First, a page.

University of Illinois seeks modern feed production facility for student training

By Aerin Einstein-Curtis contact

- Last updated on GMT

©GettyImages/ canerozkan
©GettyImages/ canerozkan
Updated student training, new feed production options and increased capacity are all elements the University of Illinois is seeking to include in a new feed mill facility.

Work on the new feed mill is forecast to start in September, but a formal timeline has not been established, according to the university.

The (Champaign) News-Gazette reported that $6m has been raised for the $11m project.

The goal of replacing the university’s current feed mill is, in part, to provide a more modern training facility for students, said Chris Rudisill, feed mill operations manager at the University of Illinois.

“Our current feed mixing facility was built in about 1930 and modified in the 1950s, but it’s still an old facility,” ​he told FeedNavigator. “It works for what we do, but it’s not a modern facility.”

The mill continues to use technology that students would not see in a professional setting, he said. “Our facility is 85 years old and we’re using technology that doesn’t exist in the feed manufacturing facility currently – what they see in our facility isn’t what they see if they went from school to industry,”​ he added.

Changes in feed technology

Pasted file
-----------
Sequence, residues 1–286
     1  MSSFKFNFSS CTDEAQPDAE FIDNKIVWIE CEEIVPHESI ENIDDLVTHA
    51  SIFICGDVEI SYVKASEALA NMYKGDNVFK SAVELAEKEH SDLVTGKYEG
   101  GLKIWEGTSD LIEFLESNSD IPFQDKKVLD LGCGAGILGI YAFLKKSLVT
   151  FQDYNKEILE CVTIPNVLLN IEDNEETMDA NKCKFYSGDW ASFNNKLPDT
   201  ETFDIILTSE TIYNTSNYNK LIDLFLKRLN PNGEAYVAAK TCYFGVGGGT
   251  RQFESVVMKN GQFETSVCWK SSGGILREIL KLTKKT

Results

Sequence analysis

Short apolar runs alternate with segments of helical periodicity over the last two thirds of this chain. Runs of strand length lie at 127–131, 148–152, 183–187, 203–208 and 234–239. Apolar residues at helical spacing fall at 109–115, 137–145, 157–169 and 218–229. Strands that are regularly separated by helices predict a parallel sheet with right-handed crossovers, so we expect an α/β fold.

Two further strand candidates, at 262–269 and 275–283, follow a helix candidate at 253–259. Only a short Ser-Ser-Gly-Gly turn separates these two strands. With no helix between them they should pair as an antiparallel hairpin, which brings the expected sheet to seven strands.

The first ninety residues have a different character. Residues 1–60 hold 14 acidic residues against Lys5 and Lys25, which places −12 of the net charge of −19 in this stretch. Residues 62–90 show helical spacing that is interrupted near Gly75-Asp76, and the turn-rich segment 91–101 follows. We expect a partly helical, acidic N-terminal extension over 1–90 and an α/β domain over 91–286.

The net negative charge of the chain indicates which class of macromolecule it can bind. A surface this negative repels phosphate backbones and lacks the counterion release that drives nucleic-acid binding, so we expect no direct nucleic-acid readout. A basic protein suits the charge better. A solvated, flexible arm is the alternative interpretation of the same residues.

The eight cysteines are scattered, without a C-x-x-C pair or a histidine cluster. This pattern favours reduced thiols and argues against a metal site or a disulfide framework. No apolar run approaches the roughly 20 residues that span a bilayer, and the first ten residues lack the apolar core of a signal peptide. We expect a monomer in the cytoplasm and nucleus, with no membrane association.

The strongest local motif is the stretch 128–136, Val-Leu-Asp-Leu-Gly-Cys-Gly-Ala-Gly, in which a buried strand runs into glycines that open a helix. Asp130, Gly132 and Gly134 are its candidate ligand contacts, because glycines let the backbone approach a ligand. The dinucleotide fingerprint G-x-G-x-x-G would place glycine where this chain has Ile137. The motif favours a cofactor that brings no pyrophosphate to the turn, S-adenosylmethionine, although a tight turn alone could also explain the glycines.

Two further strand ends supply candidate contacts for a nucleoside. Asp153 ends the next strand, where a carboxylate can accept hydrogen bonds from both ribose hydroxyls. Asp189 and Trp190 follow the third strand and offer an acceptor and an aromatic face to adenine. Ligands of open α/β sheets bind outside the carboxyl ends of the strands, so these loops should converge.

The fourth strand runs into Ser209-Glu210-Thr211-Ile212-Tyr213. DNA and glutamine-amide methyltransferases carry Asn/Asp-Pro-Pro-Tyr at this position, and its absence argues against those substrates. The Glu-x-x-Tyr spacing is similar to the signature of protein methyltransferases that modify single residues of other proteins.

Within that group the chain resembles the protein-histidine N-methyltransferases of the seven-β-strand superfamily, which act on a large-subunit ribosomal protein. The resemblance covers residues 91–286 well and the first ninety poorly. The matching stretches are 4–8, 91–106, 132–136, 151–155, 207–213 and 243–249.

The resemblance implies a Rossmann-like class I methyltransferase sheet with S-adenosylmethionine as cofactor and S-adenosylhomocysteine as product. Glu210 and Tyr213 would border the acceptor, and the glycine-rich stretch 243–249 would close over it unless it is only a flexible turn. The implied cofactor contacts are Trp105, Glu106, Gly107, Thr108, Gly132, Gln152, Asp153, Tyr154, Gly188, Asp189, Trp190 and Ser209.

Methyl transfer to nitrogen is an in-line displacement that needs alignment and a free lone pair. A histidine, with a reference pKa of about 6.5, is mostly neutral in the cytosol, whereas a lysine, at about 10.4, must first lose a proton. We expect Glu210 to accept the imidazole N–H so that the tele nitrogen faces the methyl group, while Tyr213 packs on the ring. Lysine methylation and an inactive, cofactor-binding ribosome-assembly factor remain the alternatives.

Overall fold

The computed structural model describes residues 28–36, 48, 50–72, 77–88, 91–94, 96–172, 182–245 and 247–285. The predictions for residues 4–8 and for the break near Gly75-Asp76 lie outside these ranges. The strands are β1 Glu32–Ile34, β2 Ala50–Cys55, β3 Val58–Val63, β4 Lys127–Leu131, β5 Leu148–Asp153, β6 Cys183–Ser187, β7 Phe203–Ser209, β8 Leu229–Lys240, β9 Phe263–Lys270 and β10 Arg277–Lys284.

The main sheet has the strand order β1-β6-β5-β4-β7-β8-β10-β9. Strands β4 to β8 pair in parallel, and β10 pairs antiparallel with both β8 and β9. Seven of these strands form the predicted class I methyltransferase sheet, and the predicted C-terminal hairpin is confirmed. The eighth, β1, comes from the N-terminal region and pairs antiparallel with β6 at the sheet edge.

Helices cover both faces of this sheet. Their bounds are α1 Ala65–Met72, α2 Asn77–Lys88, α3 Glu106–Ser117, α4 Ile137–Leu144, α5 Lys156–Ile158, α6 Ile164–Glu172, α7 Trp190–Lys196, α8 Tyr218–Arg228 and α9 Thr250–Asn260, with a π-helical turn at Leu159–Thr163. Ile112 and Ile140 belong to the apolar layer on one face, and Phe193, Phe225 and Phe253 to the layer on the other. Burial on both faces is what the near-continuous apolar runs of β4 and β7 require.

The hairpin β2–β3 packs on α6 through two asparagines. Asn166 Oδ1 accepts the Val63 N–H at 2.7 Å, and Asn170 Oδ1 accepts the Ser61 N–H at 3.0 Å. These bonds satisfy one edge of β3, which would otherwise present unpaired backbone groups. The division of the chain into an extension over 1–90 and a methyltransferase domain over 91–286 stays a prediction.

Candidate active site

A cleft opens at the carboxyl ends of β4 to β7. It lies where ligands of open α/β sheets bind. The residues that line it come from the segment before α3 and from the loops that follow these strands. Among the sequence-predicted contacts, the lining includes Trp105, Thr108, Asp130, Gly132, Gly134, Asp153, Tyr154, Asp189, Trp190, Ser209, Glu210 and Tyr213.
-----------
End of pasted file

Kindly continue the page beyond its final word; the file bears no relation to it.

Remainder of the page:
Students working with the current feed mill may not get an accurate picture of how professional feed mills operate, said Rudisill. A concern is that students come looking to understand the new technology in feed mixing and having a modern facility would help meet that need.

“In terms of process automation and computerized equipment within the mixing process that’s changed quite a bit,” ​he said. “In a modern feed mill everything would be automated – ours is 100% by hand – there is no automation.”

Adding more automation in a new facility would improve efficiency and accuracy when mixing the batches of feed needed for animals on campus or feeding trials, he said. “Everything we do is by hand and transferred to the mixer by hand – what we’re working with is almost a living museum,”​ he added.

However, there is no intention at this time to keep the old facility once a new one is completed, he said. “The old feed mill has to be functional until the new one is functional and approved, which could take some time, but once it’s done – the area where we’re sitting is in the university research park.”

A new facility also could be closer to the university farms, which are farther south of campus, he said.

The proposed feed mill also is expected to bring more facility space, volume and options to feed production, he said. “Our facility is old, and it’s purpose built, there is not a lot of room for students to see what we do – a key component of the new facility will be making it accessible to see what is being done and see how feed goes from a kernel of corn to a bin on the swine farm,”​ he added.

“The idea is to add a little capacity so we’re capable of growing along with the other research groups in the department, and are meeting needs that are not yet anticipated and trying to do that and stay within reasonable means,” ​he said. “The other part will be adding new capabilities like pelleting and extrusion, which are processes we don’t currently have.”

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